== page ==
Before I watched the film, late late at night I should add, I watched the original US trailer. It echos what's in this poster, after a few clips it kept repeating 'do they ever return to possess the living?'. Saying this over and over rather gave the game away. I knew I was in for a ghost story and any story featuring children AND ghosts always seems even more disturbing.
Miss Giddens (Deborah Kerr) is engaged as a governess by an unfeeling wealthy bachelor who is the legal guardian of his neice and nephew. They live at his country estate where he rarely visits. Miss Giddens is put in sole charge of the children as the uncle does not want to be bothered with them.
Miss Giddens arrives and is at first excited to be in such a beautiful setting and is enchanted by Flora (Pamela Franklin) and later Miles (Martin Stephens) when he is expelled from school for disturbing behaviour. Miss Giddens asks the housekeeper, Mrs Grose, about the previous governess, Miss Jessel who committed suicide soon after the accidental death of her lover, Quint, the previous gardner. It seems that the two children were very close the deceased lovers and in fact may still have influence over them. Midd Giddens after a series of odd events becomes convinced that the ghosts of the dead lovers have possessed the children and becomes determined to save them.
The small cast is, I feel, part of the film and why the ghost story setting works. The large country house with a few people to inhabit it sets the scene and narrows down any foul play or suspicous pranks. The children are brilliantly cast, a mixture of innocence, hauty attitude and unsettling. Its no suprise that Martin Stephens was also cast as a creepy alien in 'The Village of the Damned'. The use of the ghosts are also not over used so when they do appear it is a shock.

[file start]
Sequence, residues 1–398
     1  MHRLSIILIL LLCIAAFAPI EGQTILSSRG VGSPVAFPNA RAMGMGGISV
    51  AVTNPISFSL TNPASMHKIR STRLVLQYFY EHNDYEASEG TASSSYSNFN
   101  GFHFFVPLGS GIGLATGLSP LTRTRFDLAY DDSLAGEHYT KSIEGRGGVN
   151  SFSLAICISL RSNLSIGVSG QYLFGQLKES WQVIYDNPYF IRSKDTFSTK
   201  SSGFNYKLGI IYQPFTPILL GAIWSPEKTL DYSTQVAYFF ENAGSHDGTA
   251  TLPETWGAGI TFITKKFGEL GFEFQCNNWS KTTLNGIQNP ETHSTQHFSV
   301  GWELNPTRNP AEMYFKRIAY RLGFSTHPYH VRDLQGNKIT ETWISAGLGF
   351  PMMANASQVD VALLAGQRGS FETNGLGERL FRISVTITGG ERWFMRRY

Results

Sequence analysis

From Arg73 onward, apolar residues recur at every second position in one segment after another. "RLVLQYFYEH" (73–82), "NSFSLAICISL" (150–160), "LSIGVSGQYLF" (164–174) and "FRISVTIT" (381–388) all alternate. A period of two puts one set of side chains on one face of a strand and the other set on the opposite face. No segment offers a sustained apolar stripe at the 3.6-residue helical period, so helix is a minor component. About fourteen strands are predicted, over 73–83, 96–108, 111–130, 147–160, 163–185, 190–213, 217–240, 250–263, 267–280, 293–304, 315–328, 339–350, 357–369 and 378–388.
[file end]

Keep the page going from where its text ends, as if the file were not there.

Directed by Jack Clayton and co-written by Truman Capote, the story has echos of doubt and fear of the unknown. The unusual and irrational conclusion from Miss Giddens for the children's behaviour and the uneasy feeling throughout the house is Miss Giddens herself trying to understand the unknown. She has led a sheltered simply life so far and becomng a governess in the countryside with just two children for company would have and should have been simple too. But in a way, she needed this disturbing experience to break out of her shell. Unfortunately the ending doesn't conclude what happens next just a result which is both successful and tragic.
The elements of successful ghost story doesn't include blood, gore and moving objects. Modern ghost stories are full of these traits and they lose the essence. The Innocents uses suggestion, location and sounds working to a far greater effect. I was unnerved several times, especially the first time Miss Giddens sees Quint's ghost in a reflection of a window, devices such as these create a brilliant atmosphere. Another aspect of the film that I can't forget is the use of light. The hauting image of Kerr as she ascends the stair while holding a candelabra is superb. All that is needed is the candelabra, creepy laughter and the darkness and a ghost story scene is complete.
Now that I've seen it, I will still have nightmares and be wary of children standing in empty grand gardens and I think I'll double look at reflections in windows but I can also admire the brilliant look and story of The Innocents. This British film ticks all the right boxes as a ghost story that doesn't show its age. It will still be creepy for years to come.
To see where it all started and for an excellent insight to film, have a look at The Matinee and have a look HERE for more Blind Spot posts from other bloggers.